Passover; Our Covenant Connection
Updated: May 11, 2021
Every year in the spring on the 14th of the Biblical month of Nisan, we gather together to observe and celebrate the Festival of Redemption known as פסח - Pesach or Passover in English. Using all of our five senses we retell the story of the Exodus, in which God Himself promised to be personally involved in the liberation of the Children of Israel from slavery in Egypt. “I will deliver you from their bondage, and I will redeem you with an outstretched arm…” (Exodus 6:6) This celebration of telling the story is known as a Seder meal.
The name Passover comes from Exodus 12 where God told the Israelites to apply the blood of a lamb on the doorposts and lintels of the houses where they were. The blood protected them from the judgement of God, in the form of the death of the firstborn, which would come over the entire land of Egypt.
It is fascinating to realize that what is often referred to as the last supper was in fact a Passover Seder. (Luke 22:15) As Messianic believers we remember that it was also on Passover that we were redeemed and set free from spiritual slavery to sin “…with precious blood like that of a lamb without defect or spot, the blood of Messiah” (1 Peter 1:19) Through the blood of Messiah God Himself was once again personally involved in our redemption! Through the power of God, Messiah also rose from the dead during Passover week on another of the appointed times called the day of the First Fruit Offering. (Lev 23:9-11) Passover is a powerful connection for all believers between the first redemption, the Exodus from Egypt, and the second redemption, the new covenant in Messiah (Jeremiah 31:30)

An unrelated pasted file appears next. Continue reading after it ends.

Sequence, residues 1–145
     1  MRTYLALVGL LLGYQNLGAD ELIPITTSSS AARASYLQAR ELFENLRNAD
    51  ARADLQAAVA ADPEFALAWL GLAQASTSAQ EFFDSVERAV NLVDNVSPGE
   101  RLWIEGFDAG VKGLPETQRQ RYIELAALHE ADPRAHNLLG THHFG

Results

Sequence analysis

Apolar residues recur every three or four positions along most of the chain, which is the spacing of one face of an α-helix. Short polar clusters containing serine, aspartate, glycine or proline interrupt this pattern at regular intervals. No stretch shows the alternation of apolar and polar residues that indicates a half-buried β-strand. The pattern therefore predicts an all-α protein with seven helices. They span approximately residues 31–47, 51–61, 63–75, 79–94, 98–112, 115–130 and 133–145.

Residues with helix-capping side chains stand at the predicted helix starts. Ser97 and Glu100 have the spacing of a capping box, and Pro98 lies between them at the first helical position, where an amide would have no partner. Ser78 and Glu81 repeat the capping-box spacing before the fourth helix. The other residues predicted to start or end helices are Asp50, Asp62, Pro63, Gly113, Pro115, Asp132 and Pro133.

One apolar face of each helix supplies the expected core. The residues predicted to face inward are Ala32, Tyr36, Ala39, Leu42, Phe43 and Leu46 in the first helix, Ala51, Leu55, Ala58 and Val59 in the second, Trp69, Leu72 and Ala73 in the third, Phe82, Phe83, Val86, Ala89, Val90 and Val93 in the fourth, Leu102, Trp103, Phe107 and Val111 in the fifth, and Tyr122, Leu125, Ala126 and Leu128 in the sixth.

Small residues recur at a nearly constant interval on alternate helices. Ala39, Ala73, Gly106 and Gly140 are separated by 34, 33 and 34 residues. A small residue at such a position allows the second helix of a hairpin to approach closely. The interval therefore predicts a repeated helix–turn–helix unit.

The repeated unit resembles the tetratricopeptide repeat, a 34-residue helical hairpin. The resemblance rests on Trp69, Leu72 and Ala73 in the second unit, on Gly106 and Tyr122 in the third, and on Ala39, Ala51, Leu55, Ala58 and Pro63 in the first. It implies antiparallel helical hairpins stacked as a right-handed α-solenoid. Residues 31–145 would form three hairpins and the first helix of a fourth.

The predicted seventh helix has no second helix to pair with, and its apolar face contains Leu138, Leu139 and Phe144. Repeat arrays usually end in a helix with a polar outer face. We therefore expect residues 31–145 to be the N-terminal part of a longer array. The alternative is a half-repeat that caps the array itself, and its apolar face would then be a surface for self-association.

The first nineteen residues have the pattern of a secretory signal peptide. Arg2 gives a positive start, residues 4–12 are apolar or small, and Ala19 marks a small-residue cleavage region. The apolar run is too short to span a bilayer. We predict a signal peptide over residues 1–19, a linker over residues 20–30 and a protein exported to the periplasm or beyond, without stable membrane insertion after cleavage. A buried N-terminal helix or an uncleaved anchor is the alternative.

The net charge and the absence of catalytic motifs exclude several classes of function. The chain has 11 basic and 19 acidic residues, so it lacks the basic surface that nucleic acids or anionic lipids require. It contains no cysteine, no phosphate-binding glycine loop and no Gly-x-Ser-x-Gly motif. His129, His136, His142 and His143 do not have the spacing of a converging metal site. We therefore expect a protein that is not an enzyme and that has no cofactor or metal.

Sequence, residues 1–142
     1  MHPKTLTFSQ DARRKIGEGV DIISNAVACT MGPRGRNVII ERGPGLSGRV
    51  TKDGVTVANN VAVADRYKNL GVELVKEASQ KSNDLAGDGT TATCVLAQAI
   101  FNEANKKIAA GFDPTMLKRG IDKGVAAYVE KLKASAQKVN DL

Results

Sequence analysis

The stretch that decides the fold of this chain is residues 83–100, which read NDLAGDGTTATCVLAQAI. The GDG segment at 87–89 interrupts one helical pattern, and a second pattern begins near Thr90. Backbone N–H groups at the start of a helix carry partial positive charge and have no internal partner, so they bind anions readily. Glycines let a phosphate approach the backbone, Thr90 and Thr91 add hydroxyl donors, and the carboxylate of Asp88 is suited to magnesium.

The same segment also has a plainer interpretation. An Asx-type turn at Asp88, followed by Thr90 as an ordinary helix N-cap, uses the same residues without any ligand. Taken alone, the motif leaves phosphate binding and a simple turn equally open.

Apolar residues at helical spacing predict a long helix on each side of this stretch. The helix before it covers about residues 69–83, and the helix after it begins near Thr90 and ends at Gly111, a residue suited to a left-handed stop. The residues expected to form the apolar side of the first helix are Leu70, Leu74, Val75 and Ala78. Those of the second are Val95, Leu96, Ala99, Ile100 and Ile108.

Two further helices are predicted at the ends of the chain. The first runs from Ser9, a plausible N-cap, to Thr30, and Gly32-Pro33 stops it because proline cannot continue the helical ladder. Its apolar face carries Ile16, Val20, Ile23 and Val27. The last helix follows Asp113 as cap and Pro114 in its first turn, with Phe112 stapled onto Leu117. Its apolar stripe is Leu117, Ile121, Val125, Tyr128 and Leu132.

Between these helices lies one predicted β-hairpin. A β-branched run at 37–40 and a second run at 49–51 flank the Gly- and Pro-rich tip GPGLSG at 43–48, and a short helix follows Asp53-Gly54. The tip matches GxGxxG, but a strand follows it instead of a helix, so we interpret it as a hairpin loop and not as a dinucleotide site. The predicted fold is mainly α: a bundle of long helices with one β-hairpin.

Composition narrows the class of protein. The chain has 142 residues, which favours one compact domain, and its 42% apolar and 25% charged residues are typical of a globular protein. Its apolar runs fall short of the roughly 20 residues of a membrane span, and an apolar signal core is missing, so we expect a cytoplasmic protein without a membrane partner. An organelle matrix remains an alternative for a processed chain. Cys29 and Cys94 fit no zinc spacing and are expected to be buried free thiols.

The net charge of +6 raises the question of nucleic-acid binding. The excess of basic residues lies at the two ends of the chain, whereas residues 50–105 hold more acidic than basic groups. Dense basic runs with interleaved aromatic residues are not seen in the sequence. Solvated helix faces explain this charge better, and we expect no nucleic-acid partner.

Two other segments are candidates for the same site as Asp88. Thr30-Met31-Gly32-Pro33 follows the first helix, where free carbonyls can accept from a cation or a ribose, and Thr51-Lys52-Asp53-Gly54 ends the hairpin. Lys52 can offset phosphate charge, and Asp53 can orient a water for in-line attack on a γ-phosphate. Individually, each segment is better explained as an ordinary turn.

During the Passover Seder it is traditional to declare avadim hayeinu ata b’nei chorin – once we were slaves but now we are free! This year may we all have a meaningful and happy Passover!
Passover Seder Checklist
Below is a list of the essential items you will need to celebrate Passover.
Grape juice enough for 4 cups per person
Matzah (Unleavened bread)
*Both of the above items are available in supermarkets with Kosher section. Note: These two are the most important in relation to what is known as communion.
Two Candles and box of matches
Shank bone of a lamb. (either purchase lamb shank, roast and eat the meat, or ask your local butcher for just the shank bone)
Maror - Hebrew for Bitter herbs. You can use prepared horseradish in beet juice. It should be strong
Sprigs of parsley at least one per person
Bowl of salt water
Romaine lettuce or celery
One roasted egg
Charoset – mixture of apples, honey, nuts or almonds, wine or grape juice
There are literally thousands of recipes for this online. Almost every family makes their own recipe.
Seder plate (Can be purchased in Judaica store or online. There is a wide range of styles and prices)